Nietzsche'sZarathustra 2003.pdf


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The dualism of Mazdean metaphysics is not just a superficial framing in order to harvest
the expected ascetic ethical responses, but extends into all the cracks and crevasses of the
world of Persian religion. The “Zoroastrian archangels,” themselves, “have…a material
nature as well as a spiritual one.”xliv Seeking “to trace the evolution of the Zoroastrian
archangels from nature-godlings to spiritual abstractions,” Louis Gray quotes the
Mazdean text (Dk. IX, 31, 13; cf. IV, 9), which shows that the most distinct explanation
of the “transition from the spiritual nature [of the archangel]…to his material aspect,” is,
as with all the creatures of Auharmazd, “‘first the spiritual achievement, and then the
material formation and the mingling of spirit with matter.’”xlv
Jackson provides a fairly complete history of the personal peregrinations of the historical
Zoroaster,xlvi which can serve as a basis of comparison against the Zarathustra of
Nietzsche’s literary fancy. Zoroaster will begin his ministry when he receives his ‘first
inspired revelation’ at age 30. “It is in this year that the archangel of Good Thought,
Vohu Manah, appears unto Zarathushtra in a vision and leads his soul in holy trance into
the presence of God, Ahura Mazda. The year of this first inspired revelation is known in
the Pahlavi texts as ‘the Year of the Religion…’”xlvii After receiving the Revelation,
Zoroaster wanders and struggles 10 years before making his first convert. Says Jackson:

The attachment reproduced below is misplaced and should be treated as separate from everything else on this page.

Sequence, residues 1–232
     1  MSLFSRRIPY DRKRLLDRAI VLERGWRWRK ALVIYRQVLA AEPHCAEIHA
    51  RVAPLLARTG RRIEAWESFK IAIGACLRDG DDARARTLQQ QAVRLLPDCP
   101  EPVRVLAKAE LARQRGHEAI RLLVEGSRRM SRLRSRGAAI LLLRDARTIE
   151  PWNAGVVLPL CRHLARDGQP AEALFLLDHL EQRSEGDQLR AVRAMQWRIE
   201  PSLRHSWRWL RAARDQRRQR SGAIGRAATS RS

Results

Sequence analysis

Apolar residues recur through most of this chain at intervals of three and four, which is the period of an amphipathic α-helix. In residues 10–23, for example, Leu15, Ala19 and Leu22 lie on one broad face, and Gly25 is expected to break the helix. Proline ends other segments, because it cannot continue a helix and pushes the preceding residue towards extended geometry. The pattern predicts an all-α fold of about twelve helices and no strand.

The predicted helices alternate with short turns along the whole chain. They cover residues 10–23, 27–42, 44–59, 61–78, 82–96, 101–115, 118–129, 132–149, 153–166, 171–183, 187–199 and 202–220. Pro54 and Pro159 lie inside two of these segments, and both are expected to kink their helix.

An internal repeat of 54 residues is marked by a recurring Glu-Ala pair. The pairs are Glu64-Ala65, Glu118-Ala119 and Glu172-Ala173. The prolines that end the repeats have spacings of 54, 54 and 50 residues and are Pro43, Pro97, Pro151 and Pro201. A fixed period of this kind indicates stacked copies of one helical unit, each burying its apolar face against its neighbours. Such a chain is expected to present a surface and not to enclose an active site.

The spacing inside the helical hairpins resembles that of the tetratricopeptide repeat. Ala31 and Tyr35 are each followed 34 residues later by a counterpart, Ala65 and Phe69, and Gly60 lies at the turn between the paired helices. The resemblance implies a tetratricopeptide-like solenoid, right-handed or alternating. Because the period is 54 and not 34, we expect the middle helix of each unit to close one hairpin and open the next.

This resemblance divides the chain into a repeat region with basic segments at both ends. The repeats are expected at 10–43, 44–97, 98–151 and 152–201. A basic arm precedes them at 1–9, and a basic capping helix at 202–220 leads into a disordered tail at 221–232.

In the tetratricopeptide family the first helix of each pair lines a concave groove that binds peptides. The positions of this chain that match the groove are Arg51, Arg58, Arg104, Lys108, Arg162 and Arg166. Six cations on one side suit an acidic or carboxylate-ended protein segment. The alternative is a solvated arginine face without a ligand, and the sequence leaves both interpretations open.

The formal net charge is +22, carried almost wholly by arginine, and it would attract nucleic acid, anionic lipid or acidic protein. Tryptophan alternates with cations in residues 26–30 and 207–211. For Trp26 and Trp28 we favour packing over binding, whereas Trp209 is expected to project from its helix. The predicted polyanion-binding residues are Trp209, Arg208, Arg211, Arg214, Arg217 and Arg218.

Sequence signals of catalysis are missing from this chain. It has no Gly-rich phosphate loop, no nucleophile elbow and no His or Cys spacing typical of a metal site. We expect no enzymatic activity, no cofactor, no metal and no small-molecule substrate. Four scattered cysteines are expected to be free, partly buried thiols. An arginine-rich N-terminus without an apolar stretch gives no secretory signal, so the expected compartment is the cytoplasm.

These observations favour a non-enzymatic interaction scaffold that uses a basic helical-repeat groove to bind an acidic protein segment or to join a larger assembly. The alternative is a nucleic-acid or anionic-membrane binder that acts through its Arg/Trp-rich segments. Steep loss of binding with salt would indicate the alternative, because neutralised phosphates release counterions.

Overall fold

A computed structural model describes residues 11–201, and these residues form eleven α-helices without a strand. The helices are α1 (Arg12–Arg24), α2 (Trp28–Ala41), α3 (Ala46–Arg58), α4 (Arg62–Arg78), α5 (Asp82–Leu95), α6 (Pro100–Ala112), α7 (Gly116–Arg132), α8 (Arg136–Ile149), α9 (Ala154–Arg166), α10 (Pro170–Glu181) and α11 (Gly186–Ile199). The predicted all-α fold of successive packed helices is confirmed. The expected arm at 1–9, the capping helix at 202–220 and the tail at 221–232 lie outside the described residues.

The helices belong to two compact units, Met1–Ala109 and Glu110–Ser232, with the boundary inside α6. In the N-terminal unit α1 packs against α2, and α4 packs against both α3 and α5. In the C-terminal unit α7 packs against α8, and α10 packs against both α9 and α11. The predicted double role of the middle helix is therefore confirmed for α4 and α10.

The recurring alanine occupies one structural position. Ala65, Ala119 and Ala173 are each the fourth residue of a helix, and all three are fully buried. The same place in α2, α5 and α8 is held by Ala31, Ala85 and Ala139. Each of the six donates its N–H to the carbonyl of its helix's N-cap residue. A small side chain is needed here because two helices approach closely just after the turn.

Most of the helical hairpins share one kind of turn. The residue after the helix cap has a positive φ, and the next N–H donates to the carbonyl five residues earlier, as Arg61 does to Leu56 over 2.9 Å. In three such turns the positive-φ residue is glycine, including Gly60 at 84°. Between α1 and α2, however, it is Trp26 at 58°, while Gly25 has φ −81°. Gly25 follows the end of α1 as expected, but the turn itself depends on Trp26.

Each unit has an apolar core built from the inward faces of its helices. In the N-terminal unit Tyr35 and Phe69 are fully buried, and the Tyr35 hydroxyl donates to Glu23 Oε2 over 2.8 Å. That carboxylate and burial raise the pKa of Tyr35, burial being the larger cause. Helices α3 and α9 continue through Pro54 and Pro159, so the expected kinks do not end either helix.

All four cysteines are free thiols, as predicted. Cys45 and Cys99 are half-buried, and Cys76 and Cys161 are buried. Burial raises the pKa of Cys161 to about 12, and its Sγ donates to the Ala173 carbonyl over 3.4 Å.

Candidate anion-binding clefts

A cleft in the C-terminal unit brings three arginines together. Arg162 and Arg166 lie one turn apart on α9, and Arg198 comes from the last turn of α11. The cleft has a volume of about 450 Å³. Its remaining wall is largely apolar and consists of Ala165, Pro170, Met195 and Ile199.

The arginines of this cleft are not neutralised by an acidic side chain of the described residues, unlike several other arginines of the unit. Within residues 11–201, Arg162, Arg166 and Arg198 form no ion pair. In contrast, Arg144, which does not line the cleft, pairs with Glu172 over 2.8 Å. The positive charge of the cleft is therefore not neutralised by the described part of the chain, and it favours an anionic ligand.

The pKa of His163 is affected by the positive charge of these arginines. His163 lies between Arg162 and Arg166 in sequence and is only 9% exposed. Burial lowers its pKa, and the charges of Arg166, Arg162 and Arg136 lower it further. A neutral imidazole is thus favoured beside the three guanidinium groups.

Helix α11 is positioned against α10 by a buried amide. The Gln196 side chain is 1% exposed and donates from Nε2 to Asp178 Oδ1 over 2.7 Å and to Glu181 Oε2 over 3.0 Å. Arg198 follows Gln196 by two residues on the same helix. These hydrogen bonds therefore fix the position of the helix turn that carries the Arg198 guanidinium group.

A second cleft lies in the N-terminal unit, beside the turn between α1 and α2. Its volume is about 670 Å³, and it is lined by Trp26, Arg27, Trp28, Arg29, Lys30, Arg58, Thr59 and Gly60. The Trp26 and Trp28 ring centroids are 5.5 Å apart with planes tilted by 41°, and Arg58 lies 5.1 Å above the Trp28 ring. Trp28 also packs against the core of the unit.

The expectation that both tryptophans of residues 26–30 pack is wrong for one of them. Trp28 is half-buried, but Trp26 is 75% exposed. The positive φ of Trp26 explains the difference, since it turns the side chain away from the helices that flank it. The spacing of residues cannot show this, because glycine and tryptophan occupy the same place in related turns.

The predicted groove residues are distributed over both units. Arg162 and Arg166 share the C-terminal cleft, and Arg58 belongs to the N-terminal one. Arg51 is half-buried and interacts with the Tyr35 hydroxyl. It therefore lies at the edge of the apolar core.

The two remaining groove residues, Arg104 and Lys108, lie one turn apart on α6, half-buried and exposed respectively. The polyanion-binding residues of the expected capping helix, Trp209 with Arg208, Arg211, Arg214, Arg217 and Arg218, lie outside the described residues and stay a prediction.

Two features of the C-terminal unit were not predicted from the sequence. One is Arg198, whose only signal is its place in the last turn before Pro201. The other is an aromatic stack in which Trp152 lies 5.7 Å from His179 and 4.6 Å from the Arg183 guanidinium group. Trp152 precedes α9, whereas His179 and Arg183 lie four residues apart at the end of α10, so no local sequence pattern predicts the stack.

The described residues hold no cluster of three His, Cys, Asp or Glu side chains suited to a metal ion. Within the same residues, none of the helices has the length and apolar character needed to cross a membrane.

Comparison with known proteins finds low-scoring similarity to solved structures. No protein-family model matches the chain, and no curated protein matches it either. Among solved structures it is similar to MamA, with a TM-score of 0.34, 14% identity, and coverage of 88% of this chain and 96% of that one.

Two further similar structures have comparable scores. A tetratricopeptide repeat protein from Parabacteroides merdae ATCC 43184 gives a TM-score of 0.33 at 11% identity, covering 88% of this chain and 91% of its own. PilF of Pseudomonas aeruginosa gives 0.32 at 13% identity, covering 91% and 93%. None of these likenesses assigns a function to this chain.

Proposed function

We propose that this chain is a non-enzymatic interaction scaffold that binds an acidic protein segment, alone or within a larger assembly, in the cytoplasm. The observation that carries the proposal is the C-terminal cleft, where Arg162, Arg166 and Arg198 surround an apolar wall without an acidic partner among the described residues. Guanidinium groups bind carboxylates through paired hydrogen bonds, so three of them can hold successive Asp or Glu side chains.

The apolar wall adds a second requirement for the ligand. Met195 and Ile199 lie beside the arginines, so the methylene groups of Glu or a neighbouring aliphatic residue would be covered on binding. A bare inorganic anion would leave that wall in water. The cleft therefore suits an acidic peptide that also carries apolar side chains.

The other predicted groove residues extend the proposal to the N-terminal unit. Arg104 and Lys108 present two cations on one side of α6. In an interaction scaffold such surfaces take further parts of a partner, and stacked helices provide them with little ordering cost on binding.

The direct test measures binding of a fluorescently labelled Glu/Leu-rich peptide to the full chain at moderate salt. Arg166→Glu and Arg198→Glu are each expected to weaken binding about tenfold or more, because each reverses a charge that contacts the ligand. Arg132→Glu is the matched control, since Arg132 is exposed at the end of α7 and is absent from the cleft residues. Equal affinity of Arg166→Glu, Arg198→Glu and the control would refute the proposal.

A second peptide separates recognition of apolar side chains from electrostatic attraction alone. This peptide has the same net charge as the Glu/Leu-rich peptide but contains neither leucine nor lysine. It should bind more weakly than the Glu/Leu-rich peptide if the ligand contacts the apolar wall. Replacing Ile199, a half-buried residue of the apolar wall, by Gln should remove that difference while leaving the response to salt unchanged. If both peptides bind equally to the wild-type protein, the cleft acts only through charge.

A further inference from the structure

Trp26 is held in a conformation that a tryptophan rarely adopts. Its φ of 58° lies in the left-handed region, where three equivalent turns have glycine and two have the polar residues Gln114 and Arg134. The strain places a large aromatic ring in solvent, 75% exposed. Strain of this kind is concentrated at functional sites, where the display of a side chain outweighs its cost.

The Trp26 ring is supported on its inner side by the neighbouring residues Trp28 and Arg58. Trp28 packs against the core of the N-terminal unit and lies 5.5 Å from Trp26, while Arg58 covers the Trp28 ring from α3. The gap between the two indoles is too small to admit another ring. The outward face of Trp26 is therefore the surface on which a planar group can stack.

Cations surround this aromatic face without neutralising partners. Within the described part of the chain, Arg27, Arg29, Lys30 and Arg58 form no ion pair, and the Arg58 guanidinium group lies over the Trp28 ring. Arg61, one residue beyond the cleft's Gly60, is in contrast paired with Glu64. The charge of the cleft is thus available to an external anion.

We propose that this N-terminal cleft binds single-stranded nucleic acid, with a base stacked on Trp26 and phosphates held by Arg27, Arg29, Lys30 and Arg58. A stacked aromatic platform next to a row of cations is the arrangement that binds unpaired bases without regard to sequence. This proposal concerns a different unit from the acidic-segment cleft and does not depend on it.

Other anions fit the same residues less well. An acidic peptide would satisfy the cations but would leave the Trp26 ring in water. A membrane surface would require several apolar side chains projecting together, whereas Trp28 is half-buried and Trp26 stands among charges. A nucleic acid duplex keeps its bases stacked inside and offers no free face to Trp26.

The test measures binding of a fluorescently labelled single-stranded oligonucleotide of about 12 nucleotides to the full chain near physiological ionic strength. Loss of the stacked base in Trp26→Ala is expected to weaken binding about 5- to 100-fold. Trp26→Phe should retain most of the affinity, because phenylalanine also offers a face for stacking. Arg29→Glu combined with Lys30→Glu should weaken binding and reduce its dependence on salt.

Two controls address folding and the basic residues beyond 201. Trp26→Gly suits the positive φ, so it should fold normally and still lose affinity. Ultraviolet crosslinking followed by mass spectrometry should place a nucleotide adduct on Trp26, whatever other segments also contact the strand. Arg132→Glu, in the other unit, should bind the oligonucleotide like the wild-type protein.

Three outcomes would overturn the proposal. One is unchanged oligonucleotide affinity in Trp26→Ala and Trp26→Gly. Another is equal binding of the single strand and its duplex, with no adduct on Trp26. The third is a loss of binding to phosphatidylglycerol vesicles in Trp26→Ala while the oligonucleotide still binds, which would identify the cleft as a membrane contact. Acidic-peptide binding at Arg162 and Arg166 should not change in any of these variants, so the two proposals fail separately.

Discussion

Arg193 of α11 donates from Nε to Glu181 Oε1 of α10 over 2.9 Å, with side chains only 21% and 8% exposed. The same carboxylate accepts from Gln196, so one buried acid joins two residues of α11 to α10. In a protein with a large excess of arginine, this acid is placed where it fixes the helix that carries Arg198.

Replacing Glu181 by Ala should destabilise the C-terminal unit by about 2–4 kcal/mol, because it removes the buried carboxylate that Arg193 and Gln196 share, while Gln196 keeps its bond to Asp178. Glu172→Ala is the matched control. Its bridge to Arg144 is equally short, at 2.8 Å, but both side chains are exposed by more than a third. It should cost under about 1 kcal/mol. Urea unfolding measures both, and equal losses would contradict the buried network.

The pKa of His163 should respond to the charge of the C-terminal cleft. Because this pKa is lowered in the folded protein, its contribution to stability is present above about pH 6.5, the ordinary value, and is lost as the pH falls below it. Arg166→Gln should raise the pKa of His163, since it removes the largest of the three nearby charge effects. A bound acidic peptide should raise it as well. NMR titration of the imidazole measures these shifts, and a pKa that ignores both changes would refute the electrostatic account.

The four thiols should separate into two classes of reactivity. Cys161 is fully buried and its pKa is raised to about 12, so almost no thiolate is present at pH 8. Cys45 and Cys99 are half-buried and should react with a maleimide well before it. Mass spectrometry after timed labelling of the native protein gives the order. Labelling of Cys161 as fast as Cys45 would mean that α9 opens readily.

“From our various sources of information two facts may be gathered with certainly: one
is, that after receiving the Revelation Zoroaster wandered about, as the dervishes of Iran
still wander, going from place to place in search of a fruitful soil for his teaching; the
other is, that during this period, like the prophets of old, he was inspired from time to
time by supernatural visions and manifestations.” xlviii
It is helpful to the Zarathustra/Zoroaster comparison, as well, to note both the context
(especially the recipients) of Zoroaster’s message, and the content of his message. Very
specifically, “Zoroaster preaches the Mazda-worshipping religion, and the necessity of
anathematizing of the Demons, of glorifying the Archangels, and practicing the next-ofkin marriage [Dk. 7.4.1-5].”xlix In Creuzer’s presentation of the ‘Religion des Zoroaster’,
however, one can see how Nietzsche might have been bewitched by the idea of a
Zarathustra who stands against the gods (i.e., demons): “Vendidad enthält die Fragen,
welche Zoroaster dem Ormuzd vorlegt, und dessen Antworten darauf. Daher hat man
dieses Buch gennant: ‘Zarathustra gegeben gegen die Dêva’s’ und von der abgekürzten
Bezeichnung: […] gegen die Dêva’s, oder bösen Geister, gegeben, ist der Parsische
Name des Buchs Vendidad entstanden.”l One can even almost hear Nietzsche trumpeting:
“Ich rufe an, ich preisse den, der in diese Welt gegeben ist, gegeben gegen die Dêva’s.
Zoroaster, rein, Meister (Herr) der Reinheit.”li
Likewise, in a very general comparison, as the spokesman of what Creuzer defineslii as a
nature religion: “Persia’s Sage is …cognizant of the existence of woe, but it is no worldwoe without hope of triumphant domination. The misery which Zoroaster acknowledges
to exist is due to an Evil Principle against whom man must struggle all his life and fight
the good fight which will bring final victory and will win joys eternal at the
resurrection.”liii Likewise, despite the obvious dualism of Mazdean metaphysics, “All
accounts of the Religion indicate that the necessity of ministering to the wants of the
body [medical knowledge], as well as to the needs of the soul, was fully